UNCF HBCU Innovation Summit Opens Silicon Valley Doors to Talented Students
Monique LeNoir UNCF Communications 202.810.0231 email@example.com
UNCF conference Oct. 25-29 addresses the diversity gap in Silicon Valley
104 students and over 29 faculty members representing more than 30 historically black colleges and universities (HBCUs) will visit over a dozen Silicon Valley/Bay Area corporations next week as UNCF hosts the fifth annual HBCU ICE (Innovation, Commercialization and Entrepreneurship) Summit. The goal of the four-day summit is to empower African American students—most of whom are computer science, engineering and information technology majors—to chart their career paths within the STEM (Science, Technology, Engineering and Math) fields.
“The HBCU Innovation Summit helped me tremendously last year,” said second-year summit scholar Breonna July, a rising senior and computer science major at Spelman College. “For the first time, I was surrounded by a large group of like-minded, minority, computer science-focused scholars. It made me acutely aware of my role as a black woman in technology. The summit also influenced me to realize how critical internships are in cultivating career pathways. I interned with Dell this past summer and look forward to forging new relationships in Silicon Valley at this fall’s summit.”
Building upon last year’s effort, the summit will again convene key HBCU computer science faculty members to attend professional development workshops and develop innovative approaches to computer science curriculum and pedagogy that are in line with Silicon Valley’s rapidly changing computer programming and technology needs.
The summit also provides a forum to address the gaps in tech diversity that exist in Silicon Valley, where job growth will continue to boom in the coming years. The U.S. Bureau of Labor and Statistics reports that employment in STEM fields will increase by more than 9 million jobs between 2012 and 2022. However, African Americans represent only six percent of the STEM workforce and, according to data from The New York Times, the percentage of minorities working at Silicon Valley giants is even lower. Self-reported data from 11 of the major tech giants, according to CNET.com, reveals that less than 30 percent of their workforce is comprised of women. Of the participating HBCU Innovation Summit students, nearly 40 percent are women.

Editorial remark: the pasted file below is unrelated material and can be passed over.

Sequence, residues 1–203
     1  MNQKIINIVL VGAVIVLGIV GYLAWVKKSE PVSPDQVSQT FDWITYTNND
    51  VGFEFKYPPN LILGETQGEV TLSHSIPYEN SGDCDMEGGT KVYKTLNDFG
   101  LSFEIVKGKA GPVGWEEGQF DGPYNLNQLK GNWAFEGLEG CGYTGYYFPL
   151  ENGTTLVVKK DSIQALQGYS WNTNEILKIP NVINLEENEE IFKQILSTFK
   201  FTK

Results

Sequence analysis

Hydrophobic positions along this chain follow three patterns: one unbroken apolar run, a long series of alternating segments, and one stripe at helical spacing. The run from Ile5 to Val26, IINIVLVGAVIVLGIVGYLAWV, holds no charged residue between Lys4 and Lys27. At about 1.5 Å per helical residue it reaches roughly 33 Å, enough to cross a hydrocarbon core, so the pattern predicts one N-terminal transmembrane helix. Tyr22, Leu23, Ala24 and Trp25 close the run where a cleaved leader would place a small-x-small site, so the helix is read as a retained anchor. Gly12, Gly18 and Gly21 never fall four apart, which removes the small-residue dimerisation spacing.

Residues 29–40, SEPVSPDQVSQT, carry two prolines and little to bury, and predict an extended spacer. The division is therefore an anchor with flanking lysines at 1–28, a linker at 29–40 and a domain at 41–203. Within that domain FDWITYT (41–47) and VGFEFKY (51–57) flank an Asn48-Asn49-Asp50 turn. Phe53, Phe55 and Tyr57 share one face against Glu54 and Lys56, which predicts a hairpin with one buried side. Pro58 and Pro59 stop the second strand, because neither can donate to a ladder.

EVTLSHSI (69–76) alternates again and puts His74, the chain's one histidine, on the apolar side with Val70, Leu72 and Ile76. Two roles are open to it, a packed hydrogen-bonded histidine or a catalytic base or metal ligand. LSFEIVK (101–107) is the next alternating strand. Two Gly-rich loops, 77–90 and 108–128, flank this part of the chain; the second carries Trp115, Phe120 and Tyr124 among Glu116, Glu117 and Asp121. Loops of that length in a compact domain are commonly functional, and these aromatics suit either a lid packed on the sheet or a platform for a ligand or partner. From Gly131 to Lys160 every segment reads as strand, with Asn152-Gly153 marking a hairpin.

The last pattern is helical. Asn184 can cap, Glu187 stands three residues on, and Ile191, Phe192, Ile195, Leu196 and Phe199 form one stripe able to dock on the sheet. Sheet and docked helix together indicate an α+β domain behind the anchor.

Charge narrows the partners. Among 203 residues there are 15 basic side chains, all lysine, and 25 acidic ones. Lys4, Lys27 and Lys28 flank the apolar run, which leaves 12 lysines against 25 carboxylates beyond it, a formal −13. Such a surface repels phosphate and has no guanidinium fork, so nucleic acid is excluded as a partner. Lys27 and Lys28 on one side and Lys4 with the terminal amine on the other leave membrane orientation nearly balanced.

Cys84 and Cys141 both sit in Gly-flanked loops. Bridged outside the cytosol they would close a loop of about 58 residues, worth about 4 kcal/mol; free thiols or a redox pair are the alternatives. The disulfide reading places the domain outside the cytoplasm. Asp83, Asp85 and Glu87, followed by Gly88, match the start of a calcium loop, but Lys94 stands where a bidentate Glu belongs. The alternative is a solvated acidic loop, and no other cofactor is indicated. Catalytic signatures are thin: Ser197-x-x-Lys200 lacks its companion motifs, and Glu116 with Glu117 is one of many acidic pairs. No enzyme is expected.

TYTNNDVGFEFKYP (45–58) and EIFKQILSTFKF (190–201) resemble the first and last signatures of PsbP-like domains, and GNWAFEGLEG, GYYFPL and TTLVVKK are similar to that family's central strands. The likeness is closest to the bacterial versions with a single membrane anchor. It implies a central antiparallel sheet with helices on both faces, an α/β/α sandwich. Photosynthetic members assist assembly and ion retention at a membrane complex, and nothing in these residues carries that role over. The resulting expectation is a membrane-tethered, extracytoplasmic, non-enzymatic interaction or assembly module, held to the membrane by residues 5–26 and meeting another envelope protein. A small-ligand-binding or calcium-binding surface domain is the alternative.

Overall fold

Summit scholars were competitively selected based on their GPAs, personal statements, internships, computer science skills and demonstrated leadership. The average GPA for the fifth cohort is 3.5. More than 100 HBCU faculty applied for 25 spots, and were chosen based on their background in computer science education, leadership, and willingness to serve as change agents on their respective campuses to align computer science curriculum with industry workforce needs and demands.
“We believe that HBCUs, the students they serve, and faculty they employ, have the ability to drive innovation and meet the high standards of the highly competitive job market. However, without increased public and private support, the divide will continue,” said UNCF’s national STEM director, Dr. Chad Womack, a graduate of UNCF-member institution Morehouse College and Morehouse School of Medicine. “Many of the nation’s HBCUs are producing top-tier talent in the innovation economy, and UNCF wants to establish a consistent presence in Silicon Valley so that employers first look to HBCU students as qualified employees for recruiting.”